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Mr. Smarty Plants - Deer resistant plants from New Braunfels TX

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Friday - August 31, 2012

From: New Braunfels, TX
Region: Southwest
Topic: Invasive Plants, Non-Natives, Xeriscapes, Compost and Mulch, Soils, Watering, Deer Resistant, Grasses or Grass-like, Herbs/Forbs, Shrubs
Title: Deer resistant plants from New Braunfels TX
Answered by: Barbara Medford

QUESTION:

I have a 1/2 yard covered by a tree, shady. Bermuda grass previous owner planted has all turned brown this summer. I don't have lots of money to work with but would love to landscape that side of front yard. Tree roots have popped up in areas, so I bought a truck load of soil and smoothed it out everywhere but have no idea what can grow under a tree, in a deer heavy area (New Braunfels, Tx), and what I could do myself without hiring experts (again, very limited funds). The neighbors (who all have St. Augustine, thick and green) have started to look strangely at us (my imagination???). Help or if you could direct me to someone I can ask questions? I read a lot but can't seem to figure out what to do (brain is getting old).

ANSWER:

When your neighbors give your browning bermudagrass funny looks, give them looks that say "If your St. Augustine is looking so green and lush, you are watering more than you should be in this drought area." Both bermudagrass and St. Augustine are non-native to North America so, since the Lady Bird Johnson Wildflower Center is dedicated to the growth, propagation and protection of plants native to North America as well as to the area in which they grow naturally, we don't like them anyway. In addition to that, bermudagrass is one of the most invasive weeds in the South, and St. Augustine is a water gulper. We saw some statistics recently that said it was estimated that 40% of the drinking water in Central Texas went to watering St. Augustine lawns. Which would you rather have, clean drinking water or green lawns?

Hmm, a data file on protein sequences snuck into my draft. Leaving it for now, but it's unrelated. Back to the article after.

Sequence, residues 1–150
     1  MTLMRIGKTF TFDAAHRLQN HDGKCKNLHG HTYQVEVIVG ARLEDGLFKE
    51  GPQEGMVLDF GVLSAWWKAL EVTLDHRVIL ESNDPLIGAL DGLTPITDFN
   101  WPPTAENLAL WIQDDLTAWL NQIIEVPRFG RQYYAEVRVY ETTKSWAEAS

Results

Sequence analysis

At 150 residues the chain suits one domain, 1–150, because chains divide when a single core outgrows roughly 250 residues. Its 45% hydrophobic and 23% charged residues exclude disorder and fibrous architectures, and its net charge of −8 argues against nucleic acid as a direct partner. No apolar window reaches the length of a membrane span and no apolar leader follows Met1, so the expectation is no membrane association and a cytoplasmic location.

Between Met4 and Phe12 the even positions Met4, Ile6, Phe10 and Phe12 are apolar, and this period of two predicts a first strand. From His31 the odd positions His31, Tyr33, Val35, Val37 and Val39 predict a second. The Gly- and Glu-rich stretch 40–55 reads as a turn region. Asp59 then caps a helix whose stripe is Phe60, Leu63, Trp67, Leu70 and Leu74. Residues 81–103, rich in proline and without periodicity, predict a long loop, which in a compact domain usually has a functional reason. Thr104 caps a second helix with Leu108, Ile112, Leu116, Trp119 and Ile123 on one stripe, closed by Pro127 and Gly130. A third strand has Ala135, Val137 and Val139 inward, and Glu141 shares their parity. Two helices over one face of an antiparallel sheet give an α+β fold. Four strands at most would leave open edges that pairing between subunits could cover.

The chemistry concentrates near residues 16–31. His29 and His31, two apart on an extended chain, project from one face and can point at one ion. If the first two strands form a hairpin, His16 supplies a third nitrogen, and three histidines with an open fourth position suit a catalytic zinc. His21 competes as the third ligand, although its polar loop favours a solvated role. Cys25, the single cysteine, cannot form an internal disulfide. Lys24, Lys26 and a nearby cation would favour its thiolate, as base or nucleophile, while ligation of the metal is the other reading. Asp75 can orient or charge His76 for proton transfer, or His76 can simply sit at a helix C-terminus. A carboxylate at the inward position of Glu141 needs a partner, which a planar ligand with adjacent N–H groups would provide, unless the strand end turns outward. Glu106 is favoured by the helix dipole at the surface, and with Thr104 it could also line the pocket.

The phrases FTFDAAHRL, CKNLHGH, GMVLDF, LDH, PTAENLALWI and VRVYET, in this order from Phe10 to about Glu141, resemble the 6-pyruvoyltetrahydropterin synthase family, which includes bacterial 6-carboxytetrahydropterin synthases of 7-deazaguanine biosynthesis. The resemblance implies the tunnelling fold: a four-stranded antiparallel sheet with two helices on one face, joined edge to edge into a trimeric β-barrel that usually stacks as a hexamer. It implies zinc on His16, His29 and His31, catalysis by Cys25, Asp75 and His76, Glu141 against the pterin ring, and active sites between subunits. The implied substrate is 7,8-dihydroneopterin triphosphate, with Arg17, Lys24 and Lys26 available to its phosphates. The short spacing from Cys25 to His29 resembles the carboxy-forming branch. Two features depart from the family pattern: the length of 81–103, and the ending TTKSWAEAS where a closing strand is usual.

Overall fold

To go on with the dead bermudagrass you have, if that tree is shading the area, bermudagrass won't do well, anyway, it is a full sun grass. And not a whole lot is going to be willing to grow under that tree. If the tree is an oak, pecan or black walnut, it will exhibit allelopathy, which means it is capable of exuding substances which discourage competition from other plants beneath it. Some other trees have the same capability, but since we don't know what your tree is, we can't comment on that.

We are going to recommend forgetting about a lawn and going to more of a xeriscape motif. We recently answered a question about xeriscaping, which we recommend you read. It is from Memphis TN, but addresses the same issues yours does, including getting rid of bermudagrass. We are going to take you to our Native Plant Database to find plants native to Central Texas that can replace the grass as the opportunity presents itself. None of these methods are expensive, and all can be done gradually, as you have the time and funds to take them on. We do recommend very strongly that, with the exception of solarization of the bermudagrass, you do no planting until it cools off. Perennials can be planted in Fall or Spring, as you get beds ready for them, and woody plants (trees and shrubs) should be planted from November to January.